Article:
A woman from Missouri admitted to fraudulently obtaining a $291,000 loan meant to help businesses survive the COVID-19 pandemic.
Porshia L. Thomas, 31, of St. Louis, pleaded guilty to a felony bank fraud charge and admitted that between April and September of 2020, she executed a scheme to fraudulently obtain a Paycheck Protection Program loan.
Thomas registered a company called Couture Trading Inc. in Montana on April 7, 2020. On July 15, 2020, she applied for a PPP loan by making a series of false claims. She claimed the company had a Beverly Hills address, had been in operation for five months, had 15 employees, had an average monthly payroll of $120,000 and that the loan would be used on expenses permitted under the program, including payroll and mortgage, lease, and utility payments.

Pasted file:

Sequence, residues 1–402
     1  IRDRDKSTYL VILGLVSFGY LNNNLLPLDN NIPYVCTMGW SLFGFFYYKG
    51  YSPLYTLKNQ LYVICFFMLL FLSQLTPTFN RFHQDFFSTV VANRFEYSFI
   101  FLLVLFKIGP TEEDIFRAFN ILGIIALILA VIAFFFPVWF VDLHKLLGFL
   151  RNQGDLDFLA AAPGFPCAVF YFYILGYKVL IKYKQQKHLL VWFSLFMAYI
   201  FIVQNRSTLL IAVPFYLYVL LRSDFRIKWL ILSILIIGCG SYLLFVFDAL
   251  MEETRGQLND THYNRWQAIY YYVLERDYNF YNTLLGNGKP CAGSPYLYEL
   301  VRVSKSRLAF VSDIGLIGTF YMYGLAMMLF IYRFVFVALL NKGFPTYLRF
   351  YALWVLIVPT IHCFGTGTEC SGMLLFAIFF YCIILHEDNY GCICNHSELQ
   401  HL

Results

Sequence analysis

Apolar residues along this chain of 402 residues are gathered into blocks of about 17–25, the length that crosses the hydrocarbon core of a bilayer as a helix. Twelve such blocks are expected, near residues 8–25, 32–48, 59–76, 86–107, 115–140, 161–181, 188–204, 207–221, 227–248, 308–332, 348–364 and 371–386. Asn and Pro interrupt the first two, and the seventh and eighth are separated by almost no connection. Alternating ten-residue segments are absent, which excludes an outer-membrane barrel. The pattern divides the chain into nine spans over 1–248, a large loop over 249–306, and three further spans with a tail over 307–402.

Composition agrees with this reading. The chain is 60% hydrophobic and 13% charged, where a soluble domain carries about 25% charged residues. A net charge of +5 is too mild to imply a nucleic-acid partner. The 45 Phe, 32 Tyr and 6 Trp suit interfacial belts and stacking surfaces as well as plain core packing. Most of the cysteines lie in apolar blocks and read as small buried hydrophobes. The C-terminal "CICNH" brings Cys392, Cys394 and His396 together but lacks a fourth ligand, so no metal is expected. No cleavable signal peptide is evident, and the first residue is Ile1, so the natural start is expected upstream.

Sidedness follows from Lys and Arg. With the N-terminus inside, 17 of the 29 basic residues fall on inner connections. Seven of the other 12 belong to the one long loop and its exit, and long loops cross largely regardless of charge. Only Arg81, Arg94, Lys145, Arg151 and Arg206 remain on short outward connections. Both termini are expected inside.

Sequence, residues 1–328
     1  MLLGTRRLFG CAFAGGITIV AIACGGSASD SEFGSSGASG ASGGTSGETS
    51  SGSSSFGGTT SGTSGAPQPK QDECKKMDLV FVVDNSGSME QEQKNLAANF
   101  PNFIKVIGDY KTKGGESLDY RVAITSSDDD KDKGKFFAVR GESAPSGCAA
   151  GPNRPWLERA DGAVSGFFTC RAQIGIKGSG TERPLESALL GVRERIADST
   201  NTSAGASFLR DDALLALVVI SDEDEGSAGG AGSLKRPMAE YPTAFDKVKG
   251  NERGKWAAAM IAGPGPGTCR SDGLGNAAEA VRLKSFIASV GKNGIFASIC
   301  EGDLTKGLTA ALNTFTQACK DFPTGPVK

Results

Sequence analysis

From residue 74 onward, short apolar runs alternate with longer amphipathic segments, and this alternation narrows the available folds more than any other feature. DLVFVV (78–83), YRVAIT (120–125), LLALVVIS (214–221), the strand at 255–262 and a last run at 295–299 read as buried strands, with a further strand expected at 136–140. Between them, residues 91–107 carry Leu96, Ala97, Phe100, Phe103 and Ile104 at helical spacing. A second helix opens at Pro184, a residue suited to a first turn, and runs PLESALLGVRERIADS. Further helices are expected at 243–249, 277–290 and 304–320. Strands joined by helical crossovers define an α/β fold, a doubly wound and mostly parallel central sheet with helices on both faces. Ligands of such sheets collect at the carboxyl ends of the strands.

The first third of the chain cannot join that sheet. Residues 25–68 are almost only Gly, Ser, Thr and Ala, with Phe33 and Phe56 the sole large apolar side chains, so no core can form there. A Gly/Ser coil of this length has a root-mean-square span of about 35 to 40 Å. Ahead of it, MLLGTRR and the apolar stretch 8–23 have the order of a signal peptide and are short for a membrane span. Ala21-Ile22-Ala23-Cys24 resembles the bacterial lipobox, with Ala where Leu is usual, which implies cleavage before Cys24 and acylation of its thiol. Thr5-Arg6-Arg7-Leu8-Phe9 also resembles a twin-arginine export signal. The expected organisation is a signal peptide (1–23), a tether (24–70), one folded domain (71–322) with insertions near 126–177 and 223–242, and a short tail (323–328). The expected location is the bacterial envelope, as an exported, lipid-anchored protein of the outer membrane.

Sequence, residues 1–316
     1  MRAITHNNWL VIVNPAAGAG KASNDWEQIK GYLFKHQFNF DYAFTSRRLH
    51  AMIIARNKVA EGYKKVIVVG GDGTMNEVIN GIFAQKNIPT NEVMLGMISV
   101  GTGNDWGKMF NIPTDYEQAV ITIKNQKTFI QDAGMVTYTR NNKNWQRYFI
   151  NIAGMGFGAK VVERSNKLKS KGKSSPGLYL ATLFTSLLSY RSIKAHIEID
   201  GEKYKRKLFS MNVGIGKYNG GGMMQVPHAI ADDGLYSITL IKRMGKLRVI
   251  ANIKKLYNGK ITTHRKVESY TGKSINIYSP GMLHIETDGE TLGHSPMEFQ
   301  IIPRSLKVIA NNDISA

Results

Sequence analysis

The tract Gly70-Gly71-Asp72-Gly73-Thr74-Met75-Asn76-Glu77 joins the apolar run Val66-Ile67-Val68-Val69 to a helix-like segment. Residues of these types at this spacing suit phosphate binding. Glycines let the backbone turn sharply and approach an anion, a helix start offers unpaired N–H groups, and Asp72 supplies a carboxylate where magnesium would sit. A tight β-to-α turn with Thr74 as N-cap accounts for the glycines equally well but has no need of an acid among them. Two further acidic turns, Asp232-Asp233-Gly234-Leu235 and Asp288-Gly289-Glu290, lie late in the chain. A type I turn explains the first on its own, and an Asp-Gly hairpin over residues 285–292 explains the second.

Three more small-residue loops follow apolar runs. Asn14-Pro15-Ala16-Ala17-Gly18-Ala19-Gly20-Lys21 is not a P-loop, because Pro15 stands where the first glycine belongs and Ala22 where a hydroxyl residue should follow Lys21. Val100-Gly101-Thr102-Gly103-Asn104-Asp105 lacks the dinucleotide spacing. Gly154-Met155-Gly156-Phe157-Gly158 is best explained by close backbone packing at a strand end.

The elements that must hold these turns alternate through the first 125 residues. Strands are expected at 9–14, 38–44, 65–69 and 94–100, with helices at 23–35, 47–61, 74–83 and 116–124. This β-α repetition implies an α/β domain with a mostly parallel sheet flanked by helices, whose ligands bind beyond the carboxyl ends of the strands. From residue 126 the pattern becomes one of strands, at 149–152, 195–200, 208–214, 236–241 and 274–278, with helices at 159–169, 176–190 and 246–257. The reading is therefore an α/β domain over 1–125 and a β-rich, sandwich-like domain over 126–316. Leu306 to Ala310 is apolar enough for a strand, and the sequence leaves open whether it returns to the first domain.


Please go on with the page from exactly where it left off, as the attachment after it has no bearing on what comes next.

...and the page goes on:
The company had few if any, employees or payroll expenses.
Thomas also submitted Internal Revenue Service forms listing false information about employees and wages, bogus Wells Fargo bank statements, and a fake letter from a Wells Fargo branch manager verifying that Couture Trading had an account.
On Sept. 8, 2020, Couture Trading received $291,600.
Thomas used some of the loan for a 2018 Audi S5 Sportback Quattro, paid someone whose name was listed in company documentation $75,000, and used more for living expenses and purchases at Neiman Marcus, Ulta Beauty, Bath and Body Works, and Victoria’s Secret.
Thomas is scheduled to be sentenced on September 21. She will be ordered to repay any of the money that has not been recovered.
“Law-abiding citizens are frustrated with those who lie and cheat to get access to money not intended for them,” said Charles Miller, assistant special agent in charge of IRS-Criminal Investigation’s St. Louis field office. “Anyone engaging in this type of financial fraud should be put on notice. They will not go undetected and will be held accountable.”
IRS-Criminal Investigation conducted the investigation. Assistant U.S. Attorney Derek Wiseman is prosecuting the case.